We fully understand the frustrations around updates and communication. Our preference has always been to be as detailed as we can when discussing the production process with backers – that’s part of what’s interesting for everyone. This has caused us problems in the past, and partnered companies have mentioned updates and backer comments as cause for concern/complication. For example, UL has mentioned discussion of open sourcing the code, and interest from backers, as cause to initiate extra rounds of review to ensure that appropriate failsafes are in place for this type of machine.
This doesn’t reflect an absence of internal updates and progress reports. In several cases our attempts to be detailed in our communication with backers has been at odds with the goal of actually getting machines out. At this point, we have to prioritize working with the companies who are helping us get this project done. We know this is a departure from everyone’s immediate preference, but we hope you’ll understand.
Currently the gating item is still UL, but we haven’t encountered any show-stopping issues – just a continuation of the review process. We’re using the extra time to improve code stability, confirm back-up suppliers, and make preparations for product support so that we’re able to provide long-term services once the machines to start shipping out.
Happy to answer any other questions you have! Thanks very much for your support and patience!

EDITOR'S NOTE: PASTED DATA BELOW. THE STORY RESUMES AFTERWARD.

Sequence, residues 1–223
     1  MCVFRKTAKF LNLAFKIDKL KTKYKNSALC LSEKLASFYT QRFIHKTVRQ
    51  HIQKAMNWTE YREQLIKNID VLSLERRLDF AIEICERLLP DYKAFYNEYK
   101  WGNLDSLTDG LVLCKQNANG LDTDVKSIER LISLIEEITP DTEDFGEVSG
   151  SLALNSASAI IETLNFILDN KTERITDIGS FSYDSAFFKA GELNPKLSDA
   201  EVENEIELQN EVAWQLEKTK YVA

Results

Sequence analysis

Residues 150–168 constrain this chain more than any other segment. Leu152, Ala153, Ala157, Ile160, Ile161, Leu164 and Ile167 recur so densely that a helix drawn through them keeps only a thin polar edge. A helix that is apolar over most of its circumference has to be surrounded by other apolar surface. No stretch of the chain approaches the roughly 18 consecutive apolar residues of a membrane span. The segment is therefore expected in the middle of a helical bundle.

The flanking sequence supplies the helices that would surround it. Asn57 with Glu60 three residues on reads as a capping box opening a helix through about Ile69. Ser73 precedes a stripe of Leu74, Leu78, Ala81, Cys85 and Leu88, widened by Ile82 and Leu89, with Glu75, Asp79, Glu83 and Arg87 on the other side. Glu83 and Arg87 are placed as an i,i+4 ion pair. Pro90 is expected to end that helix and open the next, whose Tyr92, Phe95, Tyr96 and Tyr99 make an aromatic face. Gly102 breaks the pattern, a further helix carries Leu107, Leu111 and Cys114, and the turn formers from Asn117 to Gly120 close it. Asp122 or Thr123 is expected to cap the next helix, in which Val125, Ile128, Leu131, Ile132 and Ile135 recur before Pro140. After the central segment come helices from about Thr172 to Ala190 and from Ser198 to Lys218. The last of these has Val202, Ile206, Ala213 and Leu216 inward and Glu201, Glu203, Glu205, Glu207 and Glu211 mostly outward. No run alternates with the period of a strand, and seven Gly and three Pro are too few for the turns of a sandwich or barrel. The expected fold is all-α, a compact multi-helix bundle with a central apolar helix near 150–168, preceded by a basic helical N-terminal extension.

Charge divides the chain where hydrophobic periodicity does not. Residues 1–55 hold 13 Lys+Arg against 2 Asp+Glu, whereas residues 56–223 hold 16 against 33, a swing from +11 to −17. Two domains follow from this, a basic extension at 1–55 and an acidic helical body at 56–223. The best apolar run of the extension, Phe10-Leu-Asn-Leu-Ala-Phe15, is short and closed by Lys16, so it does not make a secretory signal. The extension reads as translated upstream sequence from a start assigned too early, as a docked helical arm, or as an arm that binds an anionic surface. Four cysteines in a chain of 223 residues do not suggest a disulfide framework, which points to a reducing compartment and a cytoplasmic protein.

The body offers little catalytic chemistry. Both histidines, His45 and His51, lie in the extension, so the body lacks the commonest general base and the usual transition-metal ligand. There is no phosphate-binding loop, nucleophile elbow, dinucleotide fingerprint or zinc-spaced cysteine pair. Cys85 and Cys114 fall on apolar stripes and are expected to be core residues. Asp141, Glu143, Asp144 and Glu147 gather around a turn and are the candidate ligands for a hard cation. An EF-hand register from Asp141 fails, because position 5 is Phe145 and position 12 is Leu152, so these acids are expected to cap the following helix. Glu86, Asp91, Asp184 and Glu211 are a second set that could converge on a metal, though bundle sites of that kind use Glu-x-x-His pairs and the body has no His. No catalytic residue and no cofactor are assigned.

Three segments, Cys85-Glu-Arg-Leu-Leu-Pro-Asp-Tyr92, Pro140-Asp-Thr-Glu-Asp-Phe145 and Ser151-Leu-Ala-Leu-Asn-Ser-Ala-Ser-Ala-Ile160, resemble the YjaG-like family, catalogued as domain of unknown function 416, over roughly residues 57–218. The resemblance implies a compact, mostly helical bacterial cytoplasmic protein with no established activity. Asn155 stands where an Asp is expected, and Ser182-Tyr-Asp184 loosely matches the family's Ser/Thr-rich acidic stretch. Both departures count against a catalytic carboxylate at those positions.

I may be daft, but to me that just says sweet fuck all about anything. I’ve written enough bullshit justifications in my time to know one when I see one.
The thing is, you should never underestimate the goodwill and patience of folk like me, folk that tend to do shit like Kickstarter, because it doesn’t take much to keep us happy. Just some honesty and detail about what you’re doing with our money is enough to sate us for a stupidly long time.
Don’t get me wrong, I really, really want them to pull this rabbit out of the hat and prove me wrong, but I’m pretty much resigned to losing my cash on it now.
I should say that I don’t believe there was ever an intent to have things work out this way. In the early days it really seemed like they were just getting to grips with things and, while a little bit ragged, were doing their best. However, as time went on it became more and more obvious that they were either out of their depth and/or had been shafted along the way themselves and were (are?) desperately trying to salvage the project.
So, chalk one up to experience. It’s only a couple of hundred bucks after all and at least I got a blog post out of it, right? Also, it’s not as if I haven’t done well out of almost every other project, from doubling my money on the (disappointing) Pebble by flogging it to
some other mug a discerning tech-head within hours of receiving one of the first units in the UK, to some lovely personalised books (thanks, Phil Kay).
I still use crowdfunding sites – I’m waiting for my Modern Toss coffee table opus and M3D printer (who wants a 3D-printed boaby?) to arrive in the next few weeks and months – and remain under no illusion that there is a risk attached to such things, but while my ZPM interest remains unrequited let’s just say I’m not the evangelist I perhaps once was.
Mocking comments accepted